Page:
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Saskatchewan Junior Hockey League

The Lesson: Take nothing for granted, Leave it all on the ice

By Notre Dame Hounds / Jamie Neugebauer, 10/17/17, 10:15AM CST

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An Oct. 4 showdown with the high-flying Estevan Bruins proved to be a perfect object lesson for the 2017-18 Notre Dame Hounds Junior ‘A’.

Forty minutes of tremendous effort and attention to detail, two periods in which almost no shift was taken for granted, had yielded Notre Dame a 4-1 lead, and the Bruins’ attack mostly toothless. 

But then it all turned on a dime. Estevan put in three goals to force overtime, and only a beautifully-worked winner between Hounds forwards Alec Zawatzky and Chaz Smedsrud saved the day, as the club headed into the Thanksgiving Break with a precariously earned two points.

The lesson: take nothing for granted, leave it all on the ice.

“Leaving it all out there means playing with no regrets,” said team captain Chance Longjohn.

“After the game when you look in the mirror, the worst thing for a player is to wish you had a shift or a moment back, so it’s all about knowing you did all you could every minute you’re out there. For me, it really is all about leading by example. This is a different level, this isn’t midget or wherever you came from, these are young men on both sides trying to make it somewhere in the game without any guarantees.”

An early October visit from Notre Dame’s National Championship-winning coach Barry MacKenzie, who guided the Hounds to the title in 1988, left the current club with the message of taking pride in the process of preparation; in finding consistency of effort and focus with each opportunity to represent the school and organization, both on and off the ice. 

For veteran goaltender Jacob Standen, who only became a Hound this off-season, this pride has also become a necessity, as the temporary and fleeting nature of any hockey opportunity becomes an ever-increasing reality for a player in his last year of junior.

“The truth that every minute on the ice is precious is one that is so hard to make younger players understand,” said Standen.

“Every minute on the ice is something you have to take advantage of, it is a once in a lifetime opportunity; and even more so, it is a rare privilege to wear the jersey we all get to wear each night. Understanding that is part of growing up. Some young guys are better when it comes to urgency than others, but most young guys think that junior will last forever, and that they are guaranteed to go on and play school hockey somewhere. The truth is, you have to give your heart and soul every time you can, so the only way I know to explain that to them is to show them by example, and hope it rubs off on them.”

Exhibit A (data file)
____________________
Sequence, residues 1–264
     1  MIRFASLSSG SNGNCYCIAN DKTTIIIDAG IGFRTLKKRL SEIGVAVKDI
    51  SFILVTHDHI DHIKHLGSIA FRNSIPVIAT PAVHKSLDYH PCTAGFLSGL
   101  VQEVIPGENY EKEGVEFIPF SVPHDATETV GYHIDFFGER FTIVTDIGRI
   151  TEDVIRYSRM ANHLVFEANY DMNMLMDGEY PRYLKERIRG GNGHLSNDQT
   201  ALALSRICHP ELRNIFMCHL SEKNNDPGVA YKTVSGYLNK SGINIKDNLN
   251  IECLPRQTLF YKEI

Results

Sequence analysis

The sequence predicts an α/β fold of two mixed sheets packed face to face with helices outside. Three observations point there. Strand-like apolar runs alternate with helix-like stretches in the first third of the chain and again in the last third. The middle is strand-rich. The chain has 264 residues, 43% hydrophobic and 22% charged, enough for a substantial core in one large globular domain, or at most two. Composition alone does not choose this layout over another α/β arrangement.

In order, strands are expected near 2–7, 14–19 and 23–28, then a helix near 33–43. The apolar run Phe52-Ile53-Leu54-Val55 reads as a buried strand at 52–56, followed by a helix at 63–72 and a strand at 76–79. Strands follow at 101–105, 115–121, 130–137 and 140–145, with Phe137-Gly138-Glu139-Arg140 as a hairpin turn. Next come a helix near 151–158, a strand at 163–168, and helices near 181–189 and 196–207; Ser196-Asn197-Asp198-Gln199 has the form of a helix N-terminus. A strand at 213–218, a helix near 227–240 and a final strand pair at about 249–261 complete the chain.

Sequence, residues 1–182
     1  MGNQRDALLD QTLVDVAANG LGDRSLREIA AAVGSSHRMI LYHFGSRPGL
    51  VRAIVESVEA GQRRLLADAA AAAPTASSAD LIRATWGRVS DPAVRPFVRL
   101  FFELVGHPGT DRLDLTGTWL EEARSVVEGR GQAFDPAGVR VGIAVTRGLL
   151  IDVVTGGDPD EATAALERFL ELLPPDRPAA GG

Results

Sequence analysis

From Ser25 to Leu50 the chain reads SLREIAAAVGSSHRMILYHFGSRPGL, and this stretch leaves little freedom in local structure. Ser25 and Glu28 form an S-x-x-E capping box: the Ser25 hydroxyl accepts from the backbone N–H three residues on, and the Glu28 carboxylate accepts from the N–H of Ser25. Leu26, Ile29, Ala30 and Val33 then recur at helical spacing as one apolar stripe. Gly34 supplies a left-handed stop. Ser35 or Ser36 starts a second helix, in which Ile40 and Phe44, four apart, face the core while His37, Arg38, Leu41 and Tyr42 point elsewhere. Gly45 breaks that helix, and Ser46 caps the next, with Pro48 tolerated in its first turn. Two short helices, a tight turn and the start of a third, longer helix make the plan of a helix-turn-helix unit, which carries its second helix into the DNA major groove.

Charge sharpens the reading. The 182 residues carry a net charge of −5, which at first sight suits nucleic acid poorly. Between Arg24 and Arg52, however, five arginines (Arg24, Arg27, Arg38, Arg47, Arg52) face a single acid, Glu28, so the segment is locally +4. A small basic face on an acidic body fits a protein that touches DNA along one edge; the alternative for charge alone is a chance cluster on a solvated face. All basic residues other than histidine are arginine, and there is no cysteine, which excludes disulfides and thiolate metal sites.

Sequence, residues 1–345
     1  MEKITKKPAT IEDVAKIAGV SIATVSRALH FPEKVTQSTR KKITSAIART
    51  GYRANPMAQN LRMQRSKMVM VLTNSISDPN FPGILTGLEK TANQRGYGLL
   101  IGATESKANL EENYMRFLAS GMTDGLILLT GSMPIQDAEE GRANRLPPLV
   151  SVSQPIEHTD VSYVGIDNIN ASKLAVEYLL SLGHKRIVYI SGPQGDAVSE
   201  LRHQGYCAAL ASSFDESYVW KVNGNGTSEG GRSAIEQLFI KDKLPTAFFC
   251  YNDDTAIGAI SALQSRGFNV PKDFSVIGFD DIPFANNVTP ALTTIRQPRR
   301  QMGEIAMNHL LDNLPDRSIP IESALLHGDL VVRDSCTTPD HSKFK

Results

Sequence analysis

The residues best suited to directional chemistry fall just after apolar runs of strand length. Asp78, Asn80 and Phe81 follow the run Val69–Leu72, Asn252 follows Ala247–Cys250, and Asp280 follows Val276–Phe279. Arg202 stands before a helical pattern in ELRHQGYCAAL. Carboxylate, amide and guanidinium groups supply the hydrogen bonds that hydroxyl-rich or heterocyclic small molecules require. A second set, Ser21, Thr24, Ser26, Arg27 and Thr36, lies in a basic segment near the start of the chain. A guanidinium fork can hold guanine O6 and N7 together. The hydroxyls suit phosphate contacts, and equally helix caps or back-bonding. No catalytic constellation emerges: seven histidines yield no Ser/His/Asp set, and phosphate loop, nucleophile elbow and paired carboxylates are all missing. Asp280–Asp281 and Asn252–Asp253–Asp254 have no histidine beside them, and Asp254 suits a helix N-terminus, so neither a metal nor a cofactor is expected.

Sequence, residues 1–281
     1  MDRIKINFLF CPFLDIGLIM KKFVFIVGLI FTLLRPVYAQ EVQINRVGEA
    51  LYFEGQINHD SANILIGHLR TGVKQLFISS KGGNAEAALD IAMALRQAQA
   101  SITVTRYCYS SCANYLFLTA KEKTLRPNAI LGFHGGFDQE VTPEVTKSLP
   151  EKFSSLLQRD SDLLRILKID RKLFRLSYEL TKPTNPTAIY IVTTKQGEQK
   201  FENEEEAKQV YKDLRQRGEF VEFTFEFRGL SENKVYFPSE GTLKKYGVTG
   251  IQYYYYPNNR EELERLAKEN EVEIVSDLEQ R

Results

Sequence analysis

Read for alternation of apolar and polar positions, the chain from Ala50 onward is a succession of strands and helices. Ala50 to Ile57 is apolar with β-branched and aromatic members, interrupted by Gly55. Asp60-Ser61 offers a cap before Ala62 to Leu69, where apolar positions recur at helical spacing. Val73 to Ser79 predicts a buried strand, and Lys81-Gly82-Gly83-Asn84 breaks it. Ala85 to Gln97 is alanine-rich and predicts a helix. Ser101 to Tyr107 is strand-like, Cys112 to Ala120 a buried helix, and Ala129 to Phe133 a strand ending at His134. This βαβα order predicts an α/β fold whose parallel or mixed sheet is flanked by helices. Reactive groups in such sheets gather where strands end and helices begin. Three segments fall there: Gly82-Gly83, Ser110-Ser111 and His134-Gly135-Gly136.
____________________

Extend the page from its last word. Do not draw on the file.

As mid-October rolled around in the 2017-18 campaign, the Hounds sat atop the Olympic Buildings Division, albeit with the nationally-ranked Battlefords North Stars, the Humboldt Broncos, and the Kindersley Klippers all tied, a mere one point behind Notre Dame. 

Recent impressive wins over Flin Flon and La Ronge are encouraging for head coach Clint Mylymok, but he knows that the standings and a division lead are secondary in the extreme to a continuation of the process of growth he hopes he, and assistant coach Chris Robertson, are instilling in their men. 

“We are definitely still in the learning process,” said Mylymok. 

“We have lot of young guys still trying to figure out Junior ‘A’. It is just a matter of figuring out who can be consistent every time they are thrown out there, and who can handle a little more ice time in the different situations. I still think we’re evolving, we still have a way to go, but everything is always a work in progress, and there absolutely has been some growth. The truth is, every year is an opportunity to win as a group, and do something special; so one of the keys of being here at Notre Dame is taking advantage of every day that you’re here.”

One fact about this group of Hounds can be banked on: they will not take for granted the hallowed ‘ND’ emblazoned across their chest on a nightly basis.

 “It is special wearing the jersey,” said Captain Longjohn.

 “There is a lot of pride and tradition wearing this logo, so it’s up to us to make something of it whenever we have the honour of going out there to fight for Notre Dame.”